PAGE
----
Minnesotan Jalue Dorjee is believed to be no ordinary boy.
According to the highest authorities of the Tibetan Buddhist order, he is the reincarnation of the speech, mind and body of a lama, or spiritual guru, who died in Switzerland six years ago. Jalue is said to be the eighth appearance of the original lama, born in 1655. Star-Telegram
Federal job discrimination complaints rose to an all-time high last year, led by an increase in bias charges based on religion and national origin.
Charges of religious discrimination jumped by 9.5 percent, the largest increase of any category. Claims of bias based on ancestry or country of origin rose 5 percent. Washington Post


National Atheist Party Grows: News Roundup

In the news this week: a Queens man firebombs a mosque, more people are joining the National Atheist Party, Tennessee introduces a bill that could protect students who harass based on religious beliefs, and other stories.

To ring in the New Year, CNN's Belief Blog asked experts in religion, faith leaders, and a secular humanist about how the forces of faith and faithlessness will shape the world in 2012. CNN
A prominent group of Muslim leaders on December 31st made good on a pledge to boycott New York City's annual interfaith breakfast with Mayor Michael Bloomberg in protest of a controversial surveillance program.
The move stemmed from a series of news reports that raised questions about the nature of a Central Intelligence Agency partnership with the New York Police Department, pointing to the alleged surveillance of Muslim communities in New York. CNN
A Queens man confessed Tuesday to a frightening New Year’s Day firebombing spree — claiming a personal vendetta drove him to tossing the Molotov cocktails, police said. Ray Lazier Lengend, 40, appeared dazed and mumbled incoherently as he was led out of the 103rd Precinct stationhouse and into an ambulance Tuesday night.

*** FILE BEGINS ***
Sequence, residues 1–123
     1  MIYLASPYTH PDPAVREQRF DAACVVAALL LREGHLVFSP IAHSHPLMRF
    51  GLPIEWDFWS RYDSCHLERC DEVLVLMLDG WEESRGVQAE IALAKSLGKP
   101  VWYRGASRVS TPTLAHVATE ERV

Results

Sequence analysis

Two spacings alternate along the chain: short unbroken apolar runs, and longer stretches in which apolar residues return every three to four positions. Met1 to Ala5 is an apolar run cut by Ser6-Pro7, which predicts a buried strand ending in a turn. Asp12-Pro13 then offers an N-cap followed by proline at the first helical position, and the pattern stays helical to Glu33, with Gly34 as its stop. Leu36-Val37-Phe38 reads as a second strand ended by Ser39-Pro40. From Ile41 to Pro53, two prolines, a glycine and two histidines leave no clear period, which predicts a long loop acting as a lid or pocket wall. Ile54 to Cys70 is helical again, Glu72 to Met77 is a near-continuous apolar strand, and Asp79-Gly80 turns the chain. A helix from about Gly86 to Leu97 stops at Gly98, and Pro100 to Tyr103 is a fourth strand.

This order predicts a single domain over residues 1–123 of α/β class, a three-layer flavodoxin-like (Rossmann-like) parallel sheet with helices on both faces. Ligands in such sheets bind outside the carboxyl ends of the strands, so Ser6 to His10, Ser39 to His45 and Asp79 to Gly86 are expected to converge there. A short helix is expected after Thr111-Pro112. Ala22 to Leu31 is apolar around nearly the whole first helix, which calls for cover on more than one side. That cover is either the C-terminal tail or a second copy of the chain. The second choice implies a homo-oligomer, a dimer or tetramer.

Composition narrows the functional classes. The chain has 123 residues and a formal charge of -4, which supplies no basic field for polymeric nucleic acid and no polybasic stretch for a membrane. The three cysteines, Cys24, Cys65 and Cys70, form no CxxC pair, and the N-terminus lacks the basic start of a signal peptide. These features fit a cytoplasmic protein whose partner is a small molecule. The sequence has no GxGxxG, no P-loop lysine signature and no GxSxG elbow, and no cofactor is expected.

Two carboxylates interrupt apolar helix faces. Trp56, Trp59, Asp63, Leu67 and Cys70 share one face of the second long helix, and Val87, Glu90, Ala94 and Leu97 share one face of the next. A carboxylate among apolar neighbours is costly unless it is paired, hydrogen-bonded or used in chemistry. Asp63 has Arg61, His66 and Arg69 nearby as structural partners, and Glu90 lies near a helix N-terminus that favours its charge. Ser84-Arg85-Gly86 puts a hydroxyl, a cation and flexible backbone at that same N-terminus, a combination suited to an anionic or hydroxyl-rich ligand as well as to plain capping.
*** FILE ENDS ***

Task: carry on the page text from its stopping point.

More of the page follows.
Lengend, an unemployed truck driver, was charged with five counts of criminal possession of a weapon and five counts of arson, one considered a hate crime, police said. He made “broad anti-Muslim statements” to detectives and said each of the five attacks in Queens and Elmont, L.I., stemmed from ongoing beefs. He tried to torch a Jamaica mosque because he wasn’t allowed to use its bathroom. NY Daily News
Last March, Troy Boyle and a friend founded the National Atheist Party, which they believe to be the first American political party organized on the belief that God does not exist.
First called the Freethought Party, its original Facebook page attracted only a couple hundred members. But when the name was changed to the National Atheist Party, supporters started streaming in, currently more than 8,200.
What it stands for, Boyle said, is no governmental favoring of religion — including no religion. Boyle says the NAP has 7,500 members and a chapter in all 50 states and the District of Columbia. The largest chapter is Florida, with 200 members, and the smallest is Alaska, with two. USA Today
A recent spate of campus controversies involving professors who made provocative statements about Muslims shows one of two things: a decreasing tolerance for inflammatory speech, or how easy it is for academics to get into trouble.
Or, perhaps, a little bit of both. Huffington Post
A proposed bill that will be debated in Tennessee would create a loophole in state schools' anti-discrimination laws that could protect students who engage in harassment if it falls under their religious or political beliefs. CNN